July, 2012

Adirondack Invasive Species Awareness Week

We all need to learn more about the ecological risks posed by invasive species. There is no better time than next week, when the Adirondack Park Invasive Plant Program will be coordinating a series of activities to raise awareness of the problem. Following is a news release from the organization. Groups across the region are sponsoring fun and educational activities July 8-14 during the 7th annual Adirondack Invasive Species Awareness Week. Invasive Species Awareness Week provides an opportunity for communities to highlight the threats of invasive plants and animals and for residents and visitors to learn ways to prevent and >>More


July, 2012

DEC to reconstruct popular boat launch

Maps shows location of the Second Pond boat launch.

The state Department of Environmental Conservation hopes to reconstruct this fall the popular boat launch at Second Pond, which gives boaters access to the Saranac Lakes State Campground. DEC plans to replace the existing boat ramp, build a separate facility for canoes and kayaks, and provide additional parking. It also wants to change the boundaries of the boat launch, part of which now lies within the High Peak Wilderness, a violation of the Adirondack Park State Land Master Plan. To comply with regulations, DEC proposes to reclassify 5.6 acres of Wilderness as Intensive Use. In exchange, 6.8 acres of Intensive >>More


June, 2012

Will boathouse have to be torn down?

A man who built a boathouse on Lake Placid in defiance of the local code-enforcement officer could be forced to tear it down. The Appellate Division of State Supreme Court ruled unanimously Thursday that William Grimditch should have obtained a permit from the town of North Elba before building the boathouse in 2010. Grimditch was rushing to build the boathouse before stricter boathouse regulations adopted by the Adirondack Park Agency went into effect. His children built a smaller boathouse on adjoining property, also without a town permit. Last August, State Supreme Court Justice Richard Meyer ruled that the Grimditches did >>More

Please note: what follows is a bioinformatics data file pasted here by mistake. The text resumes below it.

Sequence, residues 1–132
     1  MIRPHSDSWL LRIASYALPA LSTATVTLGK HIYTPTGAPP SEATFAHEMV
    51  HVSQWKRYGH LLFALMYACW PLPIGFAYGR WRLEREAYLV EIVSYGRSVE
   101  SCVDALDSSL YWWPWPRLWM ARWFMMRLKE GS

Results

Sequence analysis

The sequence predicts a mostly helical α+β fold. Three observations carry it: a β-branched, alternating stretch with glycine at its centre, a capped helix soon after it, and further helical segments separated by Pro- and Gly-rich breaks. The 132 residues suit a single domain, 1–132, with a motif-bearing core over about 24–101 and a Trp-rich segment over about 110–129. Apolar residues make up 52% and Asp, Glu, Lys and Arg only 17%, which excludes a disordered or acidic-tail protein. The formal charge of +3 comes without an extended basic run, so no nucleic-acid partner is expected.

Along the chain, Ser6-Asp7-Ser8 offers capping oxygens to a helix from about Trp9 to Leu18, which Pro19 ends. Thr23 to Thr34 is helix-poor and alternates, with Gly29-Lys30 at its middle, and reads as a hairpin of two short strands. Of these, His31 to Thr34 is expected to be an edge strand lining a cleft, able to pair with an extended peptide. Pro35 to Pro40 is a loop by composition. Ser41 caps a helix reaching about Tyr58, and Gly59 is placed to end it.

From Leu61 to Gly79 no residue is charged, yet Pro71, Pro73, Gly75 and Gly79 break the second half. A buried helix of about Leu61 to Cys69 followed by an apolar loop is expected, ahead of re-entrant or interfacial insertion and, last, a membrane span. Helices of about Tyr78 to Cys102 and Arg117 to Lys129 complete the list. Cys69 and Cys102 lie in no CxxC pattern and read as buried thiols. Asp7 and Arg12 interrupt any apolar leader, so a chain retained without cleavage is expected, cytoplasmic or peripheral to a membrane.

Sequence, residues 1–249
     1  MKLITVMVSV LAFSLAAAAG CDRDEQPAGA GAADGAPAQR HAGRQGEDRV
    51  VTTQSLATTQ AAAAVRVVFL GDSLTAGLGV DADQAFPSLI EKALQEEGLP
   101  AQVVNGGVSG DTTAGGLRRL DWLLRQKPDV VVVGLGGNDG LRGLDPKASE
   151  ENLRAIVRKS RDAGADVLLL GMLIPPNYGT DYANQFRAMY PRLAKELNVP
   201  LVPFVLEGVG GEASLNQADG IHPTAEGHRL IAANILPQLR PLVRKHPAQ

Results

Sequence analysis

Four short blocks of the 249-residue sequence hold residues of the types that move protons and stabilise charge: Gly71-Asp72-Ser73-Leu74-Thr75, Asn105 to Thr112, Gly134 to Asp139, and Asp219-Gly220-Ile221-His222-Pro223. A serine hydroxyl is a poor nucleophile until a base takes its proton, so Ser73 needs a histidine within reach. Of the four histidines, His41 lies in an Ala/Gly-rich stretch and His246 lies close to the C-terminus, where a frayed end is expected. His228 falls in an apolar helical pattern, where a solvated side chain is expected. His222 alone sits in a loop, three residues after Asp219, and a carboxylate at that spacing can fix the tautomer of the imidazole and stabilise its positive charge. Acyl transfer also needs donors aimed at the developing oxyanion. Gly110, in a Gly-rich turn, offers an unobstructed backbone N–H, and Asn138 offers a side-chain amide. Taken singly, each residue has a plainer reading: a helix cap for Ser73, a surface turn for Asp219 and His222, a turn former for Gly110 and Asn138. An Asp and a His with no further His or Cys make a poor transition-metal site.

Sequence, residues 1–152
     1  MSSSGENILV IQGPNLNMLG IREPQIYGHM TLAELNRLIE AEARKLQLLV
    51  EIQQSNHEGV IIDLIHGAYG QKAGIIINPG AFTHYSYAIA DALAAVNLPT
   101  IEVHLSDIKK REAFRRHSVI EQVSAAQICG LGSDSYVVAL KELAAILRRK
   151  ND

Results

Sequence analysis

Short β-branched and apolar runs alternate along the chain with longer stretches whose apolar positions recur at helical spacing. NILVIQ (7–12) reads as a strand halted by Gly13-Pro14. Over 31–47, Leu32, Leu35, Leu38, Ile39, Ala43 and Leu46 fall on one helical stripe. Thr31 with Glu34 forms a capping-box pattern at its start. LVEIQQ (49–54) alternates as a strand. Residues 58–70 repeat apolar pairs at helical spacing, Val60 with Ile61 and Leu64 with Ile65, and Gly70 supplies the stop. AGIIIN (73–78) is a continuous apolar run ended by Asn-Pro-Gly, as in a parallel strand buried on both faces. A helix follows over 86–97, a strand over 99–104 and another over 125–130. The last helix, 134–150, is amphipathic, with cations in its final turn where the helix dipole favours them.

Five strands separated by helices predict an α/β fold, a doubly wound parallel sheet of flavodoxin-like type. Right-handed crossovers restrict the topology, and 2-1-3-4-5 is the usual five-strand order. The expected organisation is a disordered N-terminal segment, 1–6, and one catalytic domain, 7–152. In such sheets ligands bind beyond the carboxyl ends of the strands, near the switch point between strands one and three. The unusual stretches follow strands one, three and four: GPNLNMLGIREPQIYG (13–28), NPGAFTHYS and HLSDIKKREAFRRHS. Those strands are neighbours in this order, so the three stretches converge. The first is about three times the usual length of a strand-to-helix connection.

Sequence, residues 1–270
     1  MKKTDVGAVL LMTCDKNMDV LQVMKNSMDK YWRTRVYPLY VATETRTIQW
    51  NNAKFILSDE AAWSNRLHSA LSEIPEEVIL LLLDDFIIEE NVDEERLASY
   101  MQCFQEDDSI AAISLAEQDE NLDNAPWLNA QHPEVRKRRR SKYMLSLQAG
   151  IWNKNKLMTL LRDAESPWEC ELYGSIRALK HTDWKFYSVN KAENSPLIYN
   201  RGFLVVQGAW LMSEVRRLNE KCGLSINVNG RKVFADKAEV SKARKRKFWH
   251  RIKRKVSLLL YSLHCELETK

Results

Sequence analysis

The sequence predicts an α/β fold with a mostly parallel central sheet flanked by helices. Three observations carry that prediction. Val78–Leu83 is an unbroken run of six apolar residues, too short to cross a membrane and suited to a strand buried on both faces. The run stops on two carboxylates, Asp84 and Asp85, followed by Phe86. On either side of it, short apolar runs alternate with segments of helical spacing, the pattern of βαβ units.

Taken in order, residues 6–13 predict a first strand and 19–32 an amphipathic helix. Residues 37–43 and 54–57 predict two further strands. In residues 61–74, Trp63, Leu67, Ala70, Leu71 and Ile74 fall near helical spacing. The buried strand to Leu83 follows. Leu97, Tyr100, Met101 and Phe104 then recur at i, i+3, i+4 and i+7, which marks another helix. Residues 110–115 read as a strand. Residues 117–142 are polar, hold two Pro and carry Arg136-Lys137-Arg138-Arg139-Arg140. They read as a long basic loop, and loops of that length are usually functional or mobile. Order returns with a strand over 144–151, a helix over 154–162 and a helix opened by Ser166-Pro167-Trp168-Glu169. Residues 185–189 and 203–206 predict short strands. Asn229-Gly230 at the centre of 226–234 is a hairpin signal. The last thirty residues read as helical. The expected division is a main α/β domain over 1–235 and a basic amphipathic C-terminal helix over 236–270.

June, 2012

Houseal to leave Adirondack Council

Brian Houseal leaving Adirondack Council

Brian Houseal will step down as executive director of the Adirondack Council when his contract runs out this fall. Houseal told the Explorer he is pursuing other work in conservation but plans to continue to live in Westport. Asked why he was leaving the council, he replied: “I’ve been in this position ten years. It’s time.” He noted that his second five-year contract with the council will expire in late October. Houseal counts among his achievements the successful lobbying for acid-rain and clean-air legislation and the launching of the Common Ground Alliance, which he co-founded. As its name suggests, the >>More


June, 2012

Ranger report for spring 2012

Following is the Forest Ranger report for late winter and spring from the Department of Environmental Conservation’s Region 5.   ESSEX COUNTY Town of North Elba, High Peaks Wilderness On Saturday, March 10, at about 3:30 p.m., DEC Dispatch in Ray Brook received a report from a DEC Forest Ranger regarding an injured woman at the Calamity Brook Lean-to. Shauna DeSantis, 57, of Glens Falls, NY, injured her knee and ankle and was unable to walk on her own. A New York State Police Aviation Unit helicopter was requested and dispatched to the area. The Lake Colden caretaker and another >>More